Tough Decisions or Easy Ones ThatHalf Your Colleagues Will Disagree WithPeter J. Winders ......................................................... 27

    Crumbs from the Table Lawrence J. Fox ......................................................... 28

    PUBLICATIONS BOARD OF EDITORS

    CHAIR: John P. SahlAkron, Ohio

    MEMBERS: Susan Saab FortneyLubbock, Texas

    Arthur F. GreenbaumColumbus, Ohio

    Andrew M. PerlmanBoston, Massachusetts

    Burnele V. PowellColumbia, South Carolina

    Ronald D. RotundaArlington, Virginia

    Mark L. TuftSan Francisco, California

    THE PROFESSIONAL LAWYER

    EDITORIAL DIRECTOR: Jeanne P. Gray

    EDITOR: Arthur Garwin

    ART DIRECTOR: Jill Tedhams

    Subscriptions to The Professional Lawyer are $40.00 per year.

    Subscription inquiries and orders regarding individual issues shouldbe directed to the ABA Service Center at 1-800-285-2221. Reprintpermission requests should be directed to ABA Publishing, 321 N.Clark Street, Chicago, IL 60654-7598. The Professional Lawyer ,(ISSN: 1042:5675; ABA Product Code 462-0001-2003) a quarterlymagazine covering professionalism and ethical issues and efforts ofbar associations, law schools and the judiciary to increase profes-sionalism within the legal profession, is published quarterly bythe ABA Center for Professional Responsibility and the StandingCommittee on Professionalism. Suggestions for articles and Letters tothe Editor should be sent to The Professional Lawyer , American BarAssociation, 321 N. Clark Street, Chicago, IL 60654-7598, or call(312) 988-5294 or FAX (312) 988-5491. The Professional Lawyerreserves the right to select, edit and excerpt letters for publication.Visit the Centers World Wide Web site at www.abanet.org/cpr.The views expressed herein have not been approved by the House of Delegatesor the Board of Governors of the American Bar Association and, accord-ingly, should not be construed as representing policy of the American Bar

    Association.

    2010 by the American Bar Association The Professional Lawyer is printed on recycled paper.

    Vol. 20 No.3

    Published in The Professional Lawyer , Volume 20, Number 3. 2010 by the American Bar Association. Reproduced with permission. All rights reserved. This information

    or any portion thereof may not be copied or disseminated in any form or by any means or stored in an electronic database or retrieval system without the express writtenconsent of the American Bar Association.

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    vote of 176 to 130, the ABA House of Delegates rejected thisproposal. Despite the ABA position on lateral screening, atleast 24 states adopted rules that permitted lateral screening.Eventually, in February 2009, the House revisited the issueand narrowly approved a lateral screening rule, now ModelRule 1.10(a)(2), which is substantially similar to the originalEthics 2000 draft.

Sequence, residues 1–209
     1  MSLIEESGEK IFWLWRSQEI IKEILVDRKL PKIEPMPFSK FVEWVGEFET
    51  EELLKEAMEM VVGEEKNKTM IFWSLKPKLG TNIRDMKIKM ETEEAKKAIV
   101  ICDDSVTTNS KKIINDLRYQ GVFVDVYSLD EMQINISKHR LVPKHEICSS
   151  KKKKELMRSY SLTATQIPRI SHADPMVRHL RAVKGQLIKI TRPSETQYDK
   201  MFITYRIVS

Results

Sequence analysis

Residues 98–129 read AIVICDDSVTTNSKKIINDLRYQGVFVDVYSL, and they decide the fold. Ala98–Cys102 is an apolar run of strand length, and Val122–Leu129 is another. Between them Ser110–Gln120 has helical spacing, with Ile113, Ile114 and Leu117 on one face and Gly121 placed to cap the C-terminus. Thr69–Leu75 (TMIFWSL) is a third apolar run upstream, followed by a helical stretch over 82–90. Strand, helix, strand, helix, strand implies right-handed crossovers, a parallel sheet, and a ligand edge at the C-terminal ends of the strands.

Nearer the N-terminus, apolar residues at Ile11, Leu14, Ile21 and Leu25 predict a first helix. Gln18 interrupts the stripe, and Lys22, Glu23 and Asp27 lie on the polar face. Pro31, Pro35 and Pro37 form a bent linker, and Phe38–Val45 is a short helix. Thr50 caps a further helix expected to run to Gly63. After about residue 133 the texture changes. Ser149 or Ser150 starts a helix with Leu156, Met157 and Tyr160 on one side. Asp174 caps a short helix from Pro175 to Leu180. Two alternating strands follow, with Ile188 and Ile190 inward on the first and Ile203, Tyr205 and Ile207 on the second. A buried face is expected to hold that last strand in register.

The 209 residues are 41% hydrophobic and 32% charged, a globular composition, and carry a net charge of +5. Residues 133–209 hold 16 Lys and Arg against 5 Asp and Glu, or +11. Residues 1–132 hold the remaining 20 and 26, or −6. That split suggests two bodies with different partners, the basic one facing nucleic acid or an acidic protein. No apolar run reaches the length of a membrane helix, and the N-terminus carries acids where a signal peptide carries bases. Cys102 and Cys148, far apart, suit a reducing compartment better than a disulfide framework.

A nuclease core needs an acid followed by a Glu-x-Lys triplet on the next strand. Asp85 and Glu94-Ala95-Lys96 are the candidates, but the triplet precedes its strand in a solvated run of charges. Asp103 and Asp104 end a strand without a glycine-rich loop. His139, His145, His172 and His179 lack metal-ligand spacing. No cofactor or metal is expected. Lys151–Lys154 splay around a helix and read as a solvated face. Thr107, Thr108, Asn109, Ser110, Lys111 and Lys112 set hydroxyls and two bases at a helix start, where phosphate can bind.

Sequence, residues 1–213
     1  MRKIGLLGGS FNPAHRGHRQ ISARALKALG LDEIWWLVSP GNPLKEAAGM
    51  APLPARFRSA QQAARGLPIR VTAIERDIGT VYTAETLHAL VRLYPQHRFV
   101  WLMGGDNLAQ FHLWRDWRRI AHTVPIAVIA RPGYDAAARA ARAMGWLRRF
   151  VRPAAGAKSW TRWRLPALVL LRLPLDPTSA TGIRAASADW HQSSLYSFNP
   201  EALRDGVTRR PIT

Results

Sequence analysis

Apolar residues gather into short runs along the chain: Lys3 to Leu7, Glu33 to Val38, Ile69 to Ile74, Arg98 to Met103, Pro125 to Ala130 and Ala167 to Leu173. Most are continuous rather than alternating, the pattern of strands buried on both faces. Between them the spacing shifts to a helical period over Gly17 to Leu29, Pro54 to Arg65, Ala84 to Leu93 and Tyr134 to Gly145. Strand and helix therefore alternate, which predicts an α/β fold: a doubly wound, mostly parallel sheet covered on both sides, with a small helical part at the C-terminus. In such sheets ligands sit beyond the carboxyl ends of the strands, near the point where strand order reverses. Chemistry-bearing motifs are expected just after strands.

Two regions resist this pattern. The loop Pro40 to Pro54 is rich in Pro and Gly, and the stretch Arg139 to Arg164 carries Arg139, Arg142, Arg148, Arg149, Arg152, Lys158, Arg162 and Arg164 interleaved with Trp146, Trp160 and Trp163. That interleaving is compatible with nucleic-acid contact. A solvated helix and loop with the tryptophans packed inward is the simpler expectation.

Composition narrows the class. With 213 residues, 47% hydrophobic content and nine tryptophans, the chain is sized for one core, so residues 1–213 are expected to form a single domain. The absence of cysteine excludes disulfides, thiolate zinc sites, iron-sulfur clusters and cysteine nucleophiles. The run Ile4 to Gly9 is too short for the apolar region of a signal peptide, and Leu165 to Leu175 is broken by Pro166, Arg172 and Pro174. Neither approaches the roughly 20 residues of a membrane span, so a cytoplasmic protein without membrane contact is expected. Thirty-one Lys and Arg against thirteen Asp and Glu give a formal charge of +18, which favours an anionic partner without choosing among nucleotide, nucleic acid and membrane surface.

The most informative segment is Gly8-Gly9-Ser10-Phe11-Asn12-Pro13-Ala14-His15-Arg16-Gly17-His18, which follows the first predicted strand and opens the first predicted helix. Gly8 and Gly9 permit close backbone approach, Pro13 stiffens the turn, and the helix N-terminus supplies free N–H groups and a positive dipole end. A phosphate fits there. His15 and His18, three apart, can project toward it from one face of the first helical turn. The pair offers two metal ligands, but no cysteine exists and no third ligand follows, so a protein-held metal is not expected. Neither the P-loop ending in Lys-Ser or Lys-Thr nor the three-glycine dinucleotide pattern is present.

The Lawyers World Continues to ChangeAlthough the 1999 Drafting Group proposal to amend ModelRule 1.10 was ignored by the Ethics 2000 Commission,subsequent events have proven the proposal prescient. Inthe past decade, the trends in the provision of legal servicesnoted by the Drafting Group have continued. If anything,those trends appear to have accelerated. Law rms continuedto grow even larger. For example, by 2006, the Baker &McKenzie rm had more than 3,500 lawyers, DLA Piper hadmore than 3,300 lawyers, and at least other 20 rms had morethan 1,000 lawyers. 6

    And large clients continued to use more different lawrms. Long-term relationships between law rms andtheir clients have become even more attenuated, and manycorporate clients are more interested in retaining individuallawyers than specic rms. 7 And many in-house generalcounsels have publically called legal services commoditiesand described lawyers and law rms as fungible. Indeed,as Professor Thomas Morgan observes: many lawyer-clientrelationships are likely to remain less like marriages andmore like one-night stands. 8 For lawyers in law rms, thesechanges have meant the end of a culture where nobodystarves to a business model where partners are more akin toindividual entrepreneurs, compensated primarily on the basis

    of their own business.9

    There is nothing to suggest that thesechanges in the legal landscape are temporary.

    The Rationale for Automatic ImputationThe changes in the legal services landscape also challengethe assumptions underlying the notion of automatic imputa-tion of a conict of interest to all afliated lawyers. Com-ment b to Restatement of the Law Third, The Law Governing

    Lawyers 123 (2000) gives the rationale for automaticimputation of conicts, citing three concerns. First, afliatedlawyers are said to share each other